Histones and histone-binding proteins play important role in activating and silencing eukaryotic genes. How binding of factors to the nucleosome may change the properties of chromatin to mediate gene activation or silencing is not understood. A recent crystal structure by Wang et al. (PNAS, 2013) of the nucleosome complexed with the BAH domain of the heterochromain protein Sir3 sheds new light on this question.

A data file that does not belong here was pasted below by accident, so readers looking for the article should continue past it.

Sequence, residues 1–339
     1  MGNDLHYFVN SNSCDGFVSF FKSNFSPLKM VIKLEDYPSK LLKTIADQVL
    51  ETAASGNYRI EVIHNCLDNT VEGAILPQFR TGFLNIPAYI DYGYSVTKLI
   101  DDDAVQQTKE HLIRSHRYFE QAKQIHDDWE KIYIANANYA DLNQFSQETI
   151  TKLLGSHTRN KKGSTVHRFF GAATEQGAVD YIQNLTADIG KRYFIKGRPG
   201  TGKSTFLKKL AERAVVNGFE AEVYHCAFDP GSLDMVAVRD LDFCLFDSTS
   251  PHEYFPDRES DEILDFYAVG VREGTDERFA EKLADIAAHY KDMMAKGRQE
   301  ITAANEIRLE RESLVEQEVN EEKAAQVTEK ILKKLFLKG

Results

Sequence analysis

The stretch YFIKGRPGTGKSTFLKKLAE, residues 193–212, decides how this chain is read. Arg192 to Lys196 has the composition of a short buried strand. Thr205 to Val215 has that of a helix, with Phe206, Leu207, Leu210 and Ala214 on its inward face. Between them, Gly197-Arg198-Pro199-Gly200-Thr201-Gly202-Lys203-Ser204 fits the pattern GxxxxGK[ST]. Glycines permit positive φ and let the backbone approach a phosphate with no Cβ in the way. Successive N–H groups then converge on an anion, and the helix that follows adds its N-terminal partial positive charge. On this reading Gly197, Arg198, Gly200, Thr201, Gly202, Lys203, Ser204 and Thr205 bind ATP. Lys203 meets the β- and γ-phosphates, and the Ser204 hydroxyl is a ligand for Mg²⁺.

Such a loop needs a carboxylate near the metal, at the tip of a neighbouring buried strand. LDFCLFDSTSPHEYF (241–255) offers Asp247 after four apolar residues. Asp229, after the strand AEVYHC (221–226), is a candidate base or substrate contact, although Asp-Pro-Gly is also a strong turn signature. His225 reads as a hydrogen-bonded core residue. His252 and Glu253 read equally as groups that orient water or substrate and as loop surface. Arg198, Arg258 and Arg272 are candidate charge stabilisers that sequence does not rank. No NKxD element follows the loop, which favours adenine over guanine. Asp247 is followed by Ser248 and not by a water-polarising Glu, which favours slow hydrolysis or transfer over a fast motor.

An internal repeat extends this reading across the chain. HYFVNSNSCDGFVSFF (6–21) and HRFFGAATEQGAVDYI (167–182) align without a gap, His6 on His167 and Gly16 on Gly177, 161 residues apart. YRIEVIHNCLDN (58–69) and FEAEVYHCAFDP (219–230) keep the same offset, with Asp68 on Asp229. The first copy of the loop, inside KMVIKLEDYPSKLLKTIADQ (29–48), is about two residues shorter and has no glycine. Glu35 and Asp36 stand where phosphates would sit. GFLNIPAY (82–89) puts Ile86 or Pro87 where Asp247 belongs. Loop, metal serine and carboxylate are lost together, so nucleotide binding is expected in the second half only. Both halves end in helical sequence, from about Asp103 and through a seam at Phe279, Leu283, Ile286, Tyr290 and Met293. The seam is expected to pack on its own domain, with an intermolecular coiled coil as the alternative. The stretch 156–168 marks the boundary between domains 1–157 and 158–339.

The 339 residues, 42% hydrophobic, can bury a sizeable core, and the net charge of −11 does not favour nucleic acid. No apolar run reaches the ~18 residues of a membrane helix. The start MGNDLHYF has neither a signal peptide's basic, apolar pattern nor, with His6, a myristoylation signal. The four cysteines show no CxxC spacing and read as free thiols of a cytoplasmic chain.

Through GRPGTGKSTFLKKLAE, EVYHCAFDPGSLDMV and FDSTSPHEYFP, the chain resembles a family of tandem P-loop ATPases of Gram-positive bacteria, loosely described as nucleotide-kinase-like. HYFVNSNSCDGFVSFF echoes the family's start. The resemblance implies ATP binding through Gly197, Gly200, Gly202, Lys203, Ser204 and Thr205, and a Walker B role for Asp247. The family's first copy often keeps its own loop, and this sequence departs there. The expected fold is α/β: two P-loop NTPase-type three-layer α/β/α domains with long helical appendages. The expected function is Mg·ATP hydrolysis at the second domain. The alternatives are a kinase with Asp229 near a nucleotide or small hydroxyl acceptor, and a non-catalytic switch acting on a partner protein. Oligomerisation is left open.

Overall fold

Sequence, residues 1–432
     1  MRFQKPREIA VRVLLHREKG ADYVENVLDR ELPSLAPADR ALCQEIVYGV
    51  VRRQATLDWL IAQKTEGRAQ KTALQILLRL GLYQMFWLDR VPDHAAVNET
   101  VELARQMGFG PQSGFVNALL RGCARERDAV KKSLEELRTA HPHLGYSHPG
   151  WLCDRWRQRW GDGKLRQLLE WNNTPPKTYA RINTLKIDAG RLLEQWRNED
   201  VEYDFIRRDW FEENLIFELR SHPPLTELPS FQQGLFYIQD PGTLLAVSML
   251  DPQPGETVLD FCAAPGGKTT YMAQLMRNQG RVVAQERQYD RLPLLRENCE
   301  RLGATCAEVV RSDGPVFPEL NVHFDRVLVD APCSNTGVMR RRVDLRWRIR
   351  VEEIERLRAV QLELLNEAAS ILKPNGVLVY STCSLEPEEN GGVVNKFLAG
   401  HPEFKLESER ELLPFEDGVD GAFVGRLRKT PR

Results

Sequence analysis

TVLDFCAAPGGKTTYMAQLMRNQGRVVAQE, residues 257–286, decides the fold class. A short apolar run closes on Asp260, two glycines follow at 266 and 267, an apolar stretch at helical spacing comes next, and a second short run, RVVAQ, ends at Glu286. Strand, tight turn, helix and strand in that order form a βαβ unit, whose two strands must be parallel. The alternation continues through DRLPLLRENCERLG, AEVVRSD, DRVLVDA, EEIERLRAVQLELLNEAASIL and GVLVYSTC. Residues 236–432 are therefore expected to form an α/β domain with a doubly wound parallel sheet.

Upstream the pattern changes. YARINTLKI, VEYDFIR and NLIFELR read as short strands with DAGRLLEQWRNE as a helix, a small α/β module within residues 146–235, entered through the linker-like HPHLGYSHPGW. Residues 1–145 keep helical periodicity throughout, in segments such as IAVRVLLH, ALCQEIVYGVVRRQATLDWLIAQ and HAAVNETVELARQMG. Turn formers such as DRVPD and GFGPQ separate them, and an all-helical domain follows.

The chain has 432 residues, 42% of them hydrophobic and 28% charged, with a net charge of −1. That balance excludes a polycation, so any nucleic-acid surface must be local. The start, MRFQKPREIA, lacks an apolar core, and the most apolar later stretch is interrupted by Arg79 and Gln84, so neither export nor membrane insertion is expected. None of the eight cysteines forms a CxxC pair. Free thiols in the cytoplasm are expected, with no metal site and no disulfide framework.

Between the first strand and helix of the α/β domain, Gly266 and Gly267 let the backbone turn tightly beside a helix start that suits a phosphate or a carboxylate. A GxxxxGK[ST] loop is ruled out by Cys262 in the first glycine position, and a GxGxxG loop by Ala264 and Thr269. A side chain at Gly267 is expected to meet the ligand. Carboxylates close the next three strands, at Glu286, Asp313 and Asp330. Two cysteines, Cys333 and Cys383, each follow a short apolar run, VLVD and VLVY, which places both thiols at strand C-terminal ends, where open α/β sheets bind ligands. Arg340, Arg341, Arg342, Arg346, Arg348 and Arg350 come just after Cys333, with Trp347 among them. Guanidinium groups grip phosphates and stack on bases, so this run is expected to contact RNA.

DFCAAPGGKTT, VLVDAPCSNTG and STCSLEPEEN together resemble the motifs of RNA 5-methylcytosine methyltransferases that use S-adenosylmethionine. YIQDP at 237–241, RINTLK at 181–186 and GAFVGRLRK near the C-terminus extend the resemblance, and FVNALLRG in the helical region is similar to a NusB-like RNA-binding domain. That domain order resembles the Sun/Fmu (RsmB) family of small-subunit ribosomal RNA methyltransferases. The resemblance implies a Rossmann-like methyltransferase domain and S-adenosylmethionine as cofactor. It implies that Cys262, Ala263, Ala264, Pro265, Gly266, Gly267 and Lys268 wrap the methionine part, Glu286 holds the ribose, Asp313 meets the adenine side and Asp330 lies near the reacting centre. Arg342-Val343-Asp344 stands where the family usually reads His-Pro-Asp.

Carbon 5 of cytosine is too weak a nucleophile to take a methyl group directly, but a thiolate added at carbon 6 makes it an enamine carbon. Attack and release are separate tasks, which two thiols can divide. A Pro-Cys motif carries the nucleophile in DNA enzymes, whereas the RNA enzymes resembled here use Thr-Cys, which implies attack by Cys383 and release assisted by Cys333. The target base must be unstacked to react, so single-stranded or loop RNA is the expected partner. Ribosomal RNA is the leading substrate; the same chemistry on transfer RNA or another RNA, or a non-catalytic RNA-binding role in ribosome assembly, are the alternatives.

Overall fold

Heterochromatic gene silencing in the budding yeast S. cerevisiae requires a nucleosome binding protein, Sir3, and specific histone amino acids, in particular a conserved basic patch region spanning amino acids 16 to 20 in the N-terminal tail of histone H4. Wang and colleagues now provide evidence that association of Sir3 with the nucleosome induces interactions between the N-terminal tail of histone H4 and nucleosomal DNA. The Moazed Lab had previously shown that a conserved region in the N-terminus of Sir3, called the BAH domain, is a nucleosome- and histone tail-binding domain. In this paper, they show that while some histone H4 side chains are critical for binding of Sir3 to the nucleosome, two arginines (R17 and R19), which are critical for silencing in vivo, have no effect on binding of Sir3 to nucleosomes in vitro. To understand the paradoxical requirement for these arginines in gene silencing, the authors determined the 3.1 Å resolution crystal structure of the Sir3-BAH domain in complex with the nucleosome. Consistent with their biochemical data, the structure shows that R17 and R19 point away from the BAH domain and make electrostatic contacts with phosphates of the nucleosomal DNA backbone. In contrast, other histone side chains, which are also critical for silencing, make extensive bonding interactions with the BAH domain. These observations suggest a new role for histone tails in gene silencing and heterochromatin formation, beyond assembly platforms for recruitment of regulatory factors.